By Kris Voakes | Italian Football Writer
It didn’t take long for word to spread about Juan Quintero. He had barely been on Italian shores before there was a buzz around the country’s sports bars about the young Colombian. Those who had seen him were describing in great details some of the things he can do with a ball at his feet. Those who hadn’t were begging for their questions to be asked. “I’ve heard he’s got immense skill, is it true?”
Arriving in the Bel Paese isn’t always the easiest thing in the world for a young footballer, and Quintero had every excuse to find it about as difficult as anyone before him.
His new team, Pescara, were newly-promoted and had lost their coach and the four players who did most for them in their successful Serie B push of the previous season. They struggled to come to terms with the top flight from day one. He was also the only Colombian in the squad, and, being only 19 at the time, that must have taken plenty of adapting to, especially having never played outside of his homeland before that point.
In his favour, though, was the experience he’d built up in Colombia. Born in Medellin, he was snapped up by Envigado at the age of 11, and by the time he was 16 he had become a first teamer. After three seasons in the Primera, he moved on to local club Atletico Nacional, who Pescara then paid €2.5 million in the summer of 2012. With 75 games in four seasons in his homeland under the belt, he was not exactly a rookie, but still the Delfino couldnt have expected him to settle so quickly.
Yet somehow, he immediately began to pull up trees. After catching the eye in a sub appearance on the opening day against Inter, then setting up a goal in the 3-2 defeat to Sampdoria, Quintero quickly made his mark. His goal against Bologna on matchday four, in only his second start, earned his new side their first point of the season. It was the execution that really stood out though, with his dipping, curling free-kick finding the inside netting at Federico Agliardi’s near post. The talk about him only increased from there, with big-name clubs suddenly linked here, there and everywhere. He also earned a first senior cap for his country, a 45-minute appearance against Cameroon in October.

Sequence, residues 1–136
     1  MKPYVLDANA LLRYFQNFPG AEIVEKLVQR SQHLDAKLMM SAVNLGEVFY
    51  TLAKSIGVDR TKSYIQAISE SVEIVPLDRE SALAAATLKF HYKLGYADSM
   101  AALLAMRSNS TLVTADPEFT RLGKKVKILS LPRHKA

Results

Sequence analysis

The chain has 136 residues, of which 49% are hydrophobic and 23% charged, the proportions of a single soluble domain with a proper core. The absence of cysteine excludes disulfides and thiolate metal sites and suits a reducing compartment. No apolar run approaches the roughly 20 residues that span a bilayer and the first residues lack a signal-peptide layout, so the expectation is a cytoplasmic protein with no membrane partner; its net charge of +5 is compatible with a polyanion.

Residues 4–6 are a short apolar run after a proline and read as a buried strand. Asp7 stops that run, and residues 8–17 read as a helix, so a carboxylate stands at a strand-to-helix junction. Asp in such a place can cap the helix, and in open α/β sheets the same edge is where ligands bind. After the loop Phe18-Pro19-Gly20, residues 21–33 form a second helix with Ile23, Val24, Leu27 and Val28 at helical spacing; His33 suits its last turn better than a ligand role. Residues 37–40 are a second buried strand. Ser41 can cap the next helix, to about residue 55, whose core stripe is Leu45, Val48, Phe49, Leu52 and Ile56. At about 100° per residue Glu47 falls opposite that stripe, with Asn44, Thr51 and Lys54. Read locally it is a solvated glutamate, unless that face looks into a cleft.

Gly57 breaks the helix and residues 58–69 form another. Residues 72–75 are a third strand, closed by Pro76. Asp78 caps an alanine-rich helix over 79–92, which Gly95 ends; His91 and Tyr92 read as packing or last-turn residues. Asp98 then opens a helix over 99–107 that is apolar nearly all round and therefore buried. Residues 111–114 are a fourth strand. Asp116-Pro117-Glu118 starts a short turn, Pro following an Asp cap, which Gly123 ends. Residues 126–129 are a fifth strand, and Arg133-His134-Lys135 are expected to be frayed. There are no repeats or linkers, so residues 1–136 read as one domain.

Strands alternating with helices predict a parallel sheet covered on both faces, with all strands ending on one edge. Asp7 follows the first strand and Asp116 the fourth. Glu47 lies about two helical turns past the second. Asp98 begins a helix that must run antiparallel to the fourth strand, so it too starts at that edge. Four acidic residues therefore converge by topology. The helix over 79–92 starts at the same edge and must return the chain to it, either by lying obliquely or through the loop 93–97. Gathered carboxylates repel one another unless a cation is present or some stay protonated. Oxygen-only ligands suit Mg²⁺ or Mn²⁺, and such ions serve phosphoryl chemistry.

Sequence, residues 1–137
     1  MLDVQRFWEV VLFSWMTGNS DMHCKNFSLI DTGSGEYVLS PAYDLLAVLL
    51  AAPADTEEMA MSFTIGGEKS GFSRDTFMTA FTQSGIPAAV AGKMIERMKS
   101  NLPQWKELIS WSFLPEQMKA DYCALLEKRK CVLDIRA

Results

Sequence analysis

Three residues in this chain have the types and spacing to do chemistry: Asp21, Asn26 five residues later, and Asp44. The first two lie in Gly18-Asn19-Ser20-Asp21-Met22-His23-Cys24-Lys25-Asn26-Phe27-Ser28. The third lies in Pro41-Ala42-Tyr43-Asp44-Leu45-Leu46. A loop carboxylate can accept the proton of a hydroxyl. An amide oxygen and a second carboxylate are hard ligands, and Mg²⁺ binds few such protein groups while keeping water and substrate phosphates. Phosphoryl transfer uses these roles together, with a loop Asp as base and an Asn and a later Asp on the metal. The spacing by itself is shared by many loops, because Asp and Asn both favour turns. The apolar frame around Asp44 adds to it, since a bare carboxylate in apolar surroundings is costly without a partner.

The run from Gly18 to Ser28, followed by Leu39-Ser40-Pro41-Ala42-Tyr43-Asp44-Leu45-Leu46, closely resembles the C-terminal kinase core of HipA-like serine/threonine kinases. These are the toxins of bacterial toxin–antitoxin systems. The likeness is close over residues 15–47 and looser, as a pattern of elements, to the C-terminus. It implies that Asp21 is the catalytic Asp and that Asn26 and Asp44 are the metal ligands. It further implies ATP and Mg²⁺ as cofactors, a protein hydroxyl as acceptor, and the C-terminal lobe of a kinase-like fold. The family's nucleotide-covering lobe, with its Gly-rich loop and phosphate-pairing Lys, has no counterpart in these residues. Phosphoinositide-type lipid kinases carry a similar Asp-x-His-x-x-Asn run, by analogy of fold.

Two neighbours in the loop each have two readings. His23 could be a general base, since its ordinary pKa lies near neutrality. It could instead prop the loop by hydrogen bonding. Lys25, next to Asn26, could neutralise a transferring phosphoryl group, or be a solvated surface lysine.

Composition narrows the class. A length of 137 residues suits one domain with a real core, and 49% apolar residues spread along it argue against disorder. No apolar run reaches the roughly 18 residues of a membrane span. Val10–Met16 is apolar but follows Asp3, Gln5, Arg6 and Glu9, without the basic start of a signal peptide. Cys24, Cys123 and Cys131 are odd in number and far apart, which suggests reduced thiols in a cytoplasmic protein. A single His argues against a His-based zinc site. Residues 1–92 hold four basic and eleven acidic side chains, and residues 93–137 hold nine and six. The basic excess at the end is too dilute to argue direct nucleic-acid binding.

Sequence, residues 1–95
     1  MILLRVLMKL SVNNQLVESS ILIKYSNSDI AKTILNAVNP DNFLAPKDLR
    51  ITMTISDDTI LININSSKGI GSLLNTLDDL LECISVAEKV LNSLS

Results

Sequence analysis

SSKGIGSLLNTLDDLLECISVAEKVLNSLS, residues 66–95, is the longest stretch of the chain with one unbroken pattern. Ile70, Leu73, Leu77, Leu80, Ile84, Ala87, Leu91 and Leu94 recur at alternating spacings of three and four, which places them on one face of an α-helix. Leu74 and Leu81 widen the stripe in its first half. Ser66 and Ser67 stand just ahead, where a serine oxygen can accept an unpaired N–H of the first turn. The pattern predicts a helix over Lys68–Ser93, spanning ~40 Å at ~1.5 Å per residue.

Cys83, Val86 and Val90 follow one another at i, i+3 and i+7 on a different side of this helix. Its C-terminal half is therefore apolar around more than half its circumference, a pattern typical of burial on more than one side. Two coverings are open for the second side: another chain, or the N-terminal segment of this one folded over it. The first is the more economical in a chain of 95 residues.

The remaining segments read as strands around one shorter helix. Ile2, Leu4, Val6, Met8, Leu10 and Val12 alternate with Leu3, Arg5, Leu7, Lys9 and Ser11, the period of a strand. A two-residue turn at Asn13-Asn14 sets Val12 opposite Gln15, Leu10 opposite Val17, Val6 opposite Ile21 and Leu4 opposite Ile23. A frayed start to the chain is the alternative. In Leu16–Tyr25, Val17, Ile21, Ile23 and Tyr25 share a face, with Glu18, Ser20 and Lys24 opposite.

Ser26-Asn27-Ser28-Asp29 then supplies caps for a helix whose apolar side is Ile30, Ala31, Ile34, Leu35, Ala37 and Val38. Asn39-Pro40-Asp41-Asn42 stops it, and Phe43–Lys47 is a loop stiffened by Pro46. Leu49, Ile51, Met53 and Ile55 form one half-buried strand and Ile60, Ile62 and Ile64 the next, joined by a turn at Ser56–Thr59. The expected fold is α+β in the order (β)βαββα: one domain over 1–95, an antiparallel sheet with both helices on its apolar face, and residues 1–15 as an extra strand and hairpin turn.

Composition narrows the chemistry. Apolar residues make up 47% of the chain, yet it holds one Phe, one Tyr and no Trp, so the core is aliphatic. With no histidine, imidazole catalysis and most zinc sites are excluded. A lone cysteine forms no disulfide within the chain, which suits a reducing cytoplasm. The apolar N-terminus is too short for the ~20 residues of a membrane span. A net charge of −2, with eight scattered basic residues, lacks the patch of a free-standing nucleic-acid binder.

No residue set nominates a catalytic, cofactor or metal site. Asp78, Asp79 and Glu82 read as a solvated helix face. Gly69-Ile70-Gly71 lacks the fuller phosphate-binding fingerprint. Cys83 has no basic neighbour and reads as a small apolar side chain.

MIDFIELDER | PESCARA
And to an extent the hype is warranted. The 20-year-old is supremely talented with a football in his possession. Few can manipulate the ball in tight spaces as he does, and his eagerness to move it quickly to team-mates in space is to be admired. As for his set-pieces: he has a rare knack of coming within millimetres of the top corner of the net whenever he aims for it.
His lack of stature undoubtedly provides a question mark, with his 168cm, 62kg frame being dwarfed by the vast majority of players at the top end of the sport, but if he can overcome the rough-house tactics that have begun to be a feature of opponents’ marking, then he could well make the step up to become a true top-class player. He also has displayed a trend of falling out of games for long spells, but there’s no reason why he can’t develop in this regard over time. And time, like talent, is something he has in abundance.
He hasn’t had it all his own way recently though, having played only 17 minutes in December as new boss Cristiano Bergodi looks for the right blend to get his team back on track, but there’s every chance he’ll return from the South American Under-20 Championship and regain his spot in the first XI once more.
Unless he’s sold to one of the clubs credited with an interest in him, that is. While it is unlikely that he would get into Juventus’ team anytime soon, and even the Inter starting line-up may be a touch beyond his reach right now, one thing that Serie A clubs are very good at is snapping up players early and then having them develop at their behest. There’s no reason why one of Italy’s big clubs wouldn’t be well served by signing him up and immediately loaning him back out – either to Pescara or elsewhere in the top flight.
But one thing is for certain. A player as skilful as Quintero has to be worth a punt.